When people won't give up on you

I get to share some news tomorrow that makes me extremely happy. I found out about it on Friday, and it had me grinning all weekend (although, to be fair, I also got to celebrate the 90th birthday of one of my dearest friends).

Here's the thing. I almost gave up on myself before this happy piece of news came about. 

A couple of years ago, I'd parted ways with my children's literary agent. While I have an agent for my adult work who is beyond patient and wonderful, I wanted to work with someone who focused exclusively on children's books, as it's a small and focused industry. With her help, I signed with someone who seemed just perfect, but who eventually and understandably got very busy with a new venture. I wasn't able to wait months and months for feedback on my manuscripts, and deep down, I knew that the long waits were in no small part because my work wasn't ready. 

After some blistering months of revision, I thought I was ready, and I submitted again to someone I'd met in New York. Someone I admired. Someone who was a good fit for reasons too dull to go into here. A few weeks later, I got a rejection so painful I almost quit.

Jill and I are making a Brenda Bowen sandwich at SCBWI-LATrying to be kind to me, the agent rejected me over the phone. Her reasons were many, and I dutifully wrote them down in neat script so that I would have something to focus on besides just listening to the long, long list of reasons the book sucked. I had to hold my breath when she was talking so that I wouldn't cry out loud. Truly. 

My characters and writing weren't appealing. My world wasn't consistent. I should consider hiring a freelance editor to help me. It would cost $4,000, but it would be worth it. But really, she didn't see an audience for this book. "It was hard for me to get through. I can't imagine who would read it." 

And this is just the beginning. I filled a page with feedback and believe me, this extremely savvy agent didn't have a single positive thing to say about my writing, and some of the things she was saying were so basic, I thought I'd learned them years ago.

It was a low spot, to be sure. After working for a decade on various novels, with three discarded manuscripts in a metaphorical drawer, I was ready to give up. What right did I have to keep hoping to do this after so many years of work without success? What right did I have to keep taking those hours from my family, who deserved my time and attention? I had no answer for those questions, beyond this: What would life feel like without this particular dream in it? 

I'd wanted to do this for so long I couldn't imagine what it would like to step out from under its shadow. Wanting a bit of advice, I reached out to my friend Jill Corcoran, whom I'd met at an SCBWI writing retreat in Los Angeles. She asked me to send her the manuscript and I felt completely embarrassed. I wasn't pitching her. I just wanted to know whether I was a hopeless case.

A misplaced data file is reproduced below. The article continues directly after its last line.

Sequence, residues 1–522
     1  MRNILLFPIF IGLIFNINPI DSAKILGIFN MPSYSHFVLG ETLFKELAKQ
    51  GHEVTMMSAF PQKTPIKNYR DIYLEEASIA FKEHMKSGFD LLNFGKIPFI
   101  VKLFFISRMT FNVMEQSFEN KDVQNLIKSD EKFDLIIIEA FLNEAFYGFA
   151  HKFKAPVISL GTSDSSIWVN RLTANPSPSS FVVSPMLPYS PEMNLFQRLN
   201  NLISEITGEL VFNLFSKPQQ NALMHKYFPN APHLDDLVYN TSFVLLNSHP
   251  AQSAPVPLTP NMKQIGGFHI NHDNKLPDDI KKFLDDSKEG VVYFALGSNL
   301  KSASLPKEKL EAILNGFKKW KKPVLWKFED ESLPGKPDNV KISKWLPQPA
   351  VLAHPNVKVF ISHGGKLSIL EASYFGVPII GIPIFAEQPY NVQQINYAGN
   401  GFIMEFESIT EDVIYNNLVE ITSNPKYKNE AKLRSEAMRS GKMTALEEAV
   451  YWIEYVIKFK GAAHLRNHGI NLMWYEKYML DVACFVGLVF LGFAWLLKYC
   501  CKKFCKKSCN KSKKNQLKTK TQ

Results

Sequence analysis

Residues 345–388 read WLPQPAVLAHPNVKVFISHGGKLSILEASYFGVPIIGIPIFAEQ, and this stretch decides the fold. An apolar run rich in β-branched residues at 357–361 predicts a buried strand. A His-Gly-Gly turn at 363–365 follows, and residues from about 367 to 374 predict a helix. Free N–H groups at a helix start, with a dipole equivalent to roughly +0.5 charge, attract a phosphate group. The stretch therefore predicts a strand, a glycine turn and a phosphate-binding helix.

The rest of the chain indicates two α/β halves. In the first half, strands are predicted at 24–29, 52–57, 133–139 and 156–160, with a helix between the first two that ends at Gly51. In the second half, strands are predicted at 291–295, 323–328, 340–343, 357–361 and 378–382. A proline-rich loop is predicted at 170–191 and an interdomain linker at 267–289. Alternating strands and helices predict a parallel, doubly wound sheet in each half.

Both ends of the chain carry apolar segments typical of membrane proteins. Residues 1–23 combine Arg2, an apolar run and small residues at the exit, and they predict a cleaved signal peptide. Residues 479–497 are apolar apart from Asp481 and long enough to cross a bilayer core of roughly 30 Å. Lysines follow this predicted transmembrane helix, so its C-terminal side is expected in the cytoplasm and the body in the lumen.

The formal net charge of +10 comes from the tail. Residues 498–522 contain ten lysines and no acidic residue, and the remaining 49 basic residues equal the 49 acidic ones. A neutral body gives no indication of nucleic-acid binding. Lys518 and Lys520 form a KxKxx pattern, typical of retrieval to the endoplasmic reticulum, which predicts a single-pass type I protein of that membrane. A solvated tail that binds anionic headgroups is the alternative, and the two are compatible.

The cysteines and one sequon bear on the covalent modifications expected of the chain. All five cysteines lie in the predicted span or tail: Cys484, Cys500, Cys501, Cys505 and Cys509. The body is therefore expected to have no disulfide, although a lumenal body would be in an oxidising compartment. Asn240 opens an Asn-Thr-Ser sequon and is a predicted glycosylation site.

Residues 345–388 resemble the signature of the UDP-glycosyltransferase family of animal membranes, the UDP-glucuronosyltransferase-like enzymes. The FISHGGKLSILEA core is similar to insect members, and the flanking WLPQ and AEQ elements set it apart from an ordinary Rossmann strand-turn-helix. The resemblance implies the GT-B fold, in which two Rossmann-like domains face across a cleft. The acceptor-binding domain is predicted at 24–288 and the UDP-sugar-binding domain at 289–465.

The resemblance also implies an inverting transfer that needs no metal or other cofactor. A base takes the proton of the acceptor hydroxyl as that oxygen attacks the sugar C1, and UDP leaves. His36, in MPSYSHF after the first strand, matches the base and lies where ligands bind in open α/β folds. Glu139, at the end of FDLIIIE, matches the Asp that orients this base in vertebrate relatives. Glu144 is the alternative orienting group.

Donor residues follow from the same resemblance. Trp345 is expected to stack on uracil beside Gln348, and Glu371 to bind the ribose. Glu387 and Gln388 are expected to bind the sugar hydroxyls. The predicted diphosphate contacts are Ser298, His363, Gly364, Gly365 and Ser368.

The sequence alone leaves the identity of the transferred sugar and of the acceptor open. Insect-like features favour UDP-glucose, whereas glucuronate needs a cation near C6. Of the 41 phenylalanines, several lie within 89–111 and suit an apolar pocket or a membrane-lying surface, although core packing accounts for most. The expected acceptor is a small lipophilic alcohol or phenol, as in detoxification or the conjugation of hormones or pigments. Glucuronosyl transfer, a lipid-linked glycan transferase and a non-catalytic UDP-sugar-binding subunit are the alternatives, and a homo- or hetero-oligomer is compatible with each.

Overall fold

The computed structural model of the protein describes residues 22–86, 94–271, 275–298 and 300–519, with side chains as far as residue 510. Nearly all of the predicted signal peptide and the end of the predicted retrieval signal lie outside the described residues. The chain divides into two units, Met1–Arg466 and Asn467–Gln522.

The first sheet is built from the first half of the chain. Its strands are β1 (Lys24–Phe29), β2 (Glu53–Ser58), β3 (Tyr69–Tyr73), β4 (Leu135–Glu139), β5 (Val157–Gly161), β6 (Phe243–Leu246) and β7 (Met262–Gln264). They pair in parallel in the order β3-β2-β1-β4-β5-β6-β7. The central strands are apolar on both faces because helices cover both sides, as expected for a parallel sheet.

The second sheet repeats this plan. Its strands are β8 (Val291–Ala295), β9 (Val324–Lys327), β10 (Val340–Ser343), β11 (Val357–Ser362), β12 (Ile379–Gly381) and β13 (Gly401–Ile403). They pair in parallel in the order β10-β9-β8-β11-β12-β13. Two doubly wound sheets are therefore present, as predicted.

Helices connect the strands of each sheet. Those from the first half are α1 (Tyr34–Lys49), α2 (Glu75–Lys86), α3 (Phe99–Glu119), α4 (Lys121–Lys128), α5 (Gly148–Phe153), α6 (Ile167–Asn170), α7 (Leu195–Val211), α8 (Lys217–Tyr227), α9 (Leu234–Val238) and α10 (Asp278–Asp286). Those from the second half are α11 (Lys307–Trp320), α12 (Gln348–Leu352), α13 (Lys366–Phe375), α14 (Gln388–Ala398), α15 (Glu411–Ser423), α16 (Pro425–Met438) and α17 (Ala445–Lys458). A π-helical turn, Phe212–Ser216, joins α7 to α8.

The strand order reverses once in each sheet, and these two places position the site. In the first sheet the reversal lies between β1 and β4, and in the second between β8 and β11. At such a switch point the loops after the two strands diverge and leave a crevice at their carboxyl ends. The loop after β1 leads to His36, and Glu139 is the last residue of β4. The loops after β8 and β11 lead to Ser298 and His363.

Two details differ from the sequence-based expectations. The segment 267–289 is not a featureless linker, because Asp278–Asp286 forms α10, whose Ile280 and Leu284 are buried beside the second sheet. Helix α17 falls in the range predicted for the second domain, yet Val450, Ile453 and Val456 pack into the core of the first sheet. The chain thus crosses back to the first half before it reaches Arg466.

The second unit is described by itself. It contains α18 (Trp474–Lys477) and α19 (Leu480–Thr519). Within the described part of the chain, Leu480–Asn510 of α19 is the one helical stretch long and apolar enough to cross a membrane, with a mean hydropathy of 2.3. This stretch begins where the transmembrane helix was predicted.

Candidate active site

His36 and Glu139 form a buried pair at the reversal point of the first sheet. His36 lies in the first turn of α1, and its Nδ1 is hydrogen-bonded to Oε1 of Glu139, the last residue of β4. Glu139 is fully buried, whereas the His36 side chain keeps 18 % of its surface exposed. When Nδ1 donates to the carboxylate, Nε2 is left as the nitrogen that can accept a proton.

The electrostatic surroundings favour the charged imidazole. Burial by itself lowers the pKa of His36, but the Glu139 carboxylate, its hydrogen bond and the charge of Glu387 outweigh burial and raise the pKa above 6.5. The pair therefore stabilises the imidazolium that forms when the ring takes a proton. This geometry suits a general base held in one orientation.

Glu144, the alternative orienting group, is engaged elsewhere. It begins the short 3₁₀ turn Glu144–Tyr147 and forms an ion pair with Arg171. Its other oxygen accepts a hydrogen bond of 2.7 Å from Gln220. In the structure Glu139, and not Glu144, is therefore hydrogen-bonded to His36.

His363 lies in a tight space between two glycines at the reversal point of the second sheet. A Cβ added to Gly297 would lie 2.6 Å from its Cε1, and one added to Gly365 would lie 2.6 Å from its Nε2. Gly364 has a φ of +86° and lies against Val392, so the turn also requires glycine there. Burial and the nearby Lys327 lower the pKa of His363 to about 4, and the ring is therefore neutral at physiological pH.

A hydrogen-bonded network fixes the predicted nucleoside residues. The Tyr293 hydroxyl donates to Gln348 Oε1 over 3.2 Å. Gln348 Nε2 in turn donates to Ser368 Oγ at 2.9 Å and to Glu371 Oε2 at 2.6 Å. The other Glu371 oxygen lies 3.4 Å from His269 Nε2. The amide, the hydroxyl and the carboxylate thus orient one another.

That was on a Friday. That weekend, she finished the book and offered me representation. A very big part of me felt not ready. This was the same manuscript that had been found utterly without merit by someone who knows what she's talking about. But Jill reminded me that a lot of it was a matter of taste. Not every book is for every reader, a lesson I learned in a most painful way.

With a small spark of hope reignited, I decided to revise again. And while Jill drew up a list of editors to submit to, I rewrote big parts of the book. I'd lost track of the revisions I'd made to it at that point. In all, I've probably rewritten the entire book completely five times--changing points of view, changing tenses, changing the tone, the speech patterns of one of the protagonists. And there were countless smaller but still significant revisions--moving chapters, cutting scenes, adding new ones. I literally have dozens of versions of the book in my document folders. Dozens and dozens. At one count, I think I'd hit sixty versions. 

After all that, Jill ended up not sending the book to that big list of editors. At the SCBWI conference in Los Angeles a few weeks after we joined forces, she chatted with Arthur Levine, who'd bought my picture book the year before, and who'd heard the opening chapters of this novel at the very same retreat where Jill and I met. He'd asked me to send it even then. Even after all that time, he hadn't forgotten it. Not long afterward, he bought it.

Over the next few months, I revised again, with help from Arthur, Emily Clement, and others on the Scholastic team. So many good things have happened since then ... I am in disbelief over it all and can't wait to share.

Even in my most improbable dreams, I wouldn't have asked for things to turn out this well. I had huge amounts of help and support along the way. My family, my friends, my critique partners, the SCBWI. But without Jill who was willing to believe in a manuscript that needed work, who had such an excess of faith in my writing that some of it made its way back into me, I don't know where I would be. Not here, though. No way.

Everyone writer should have such a guardian angel. Thank you, Jill!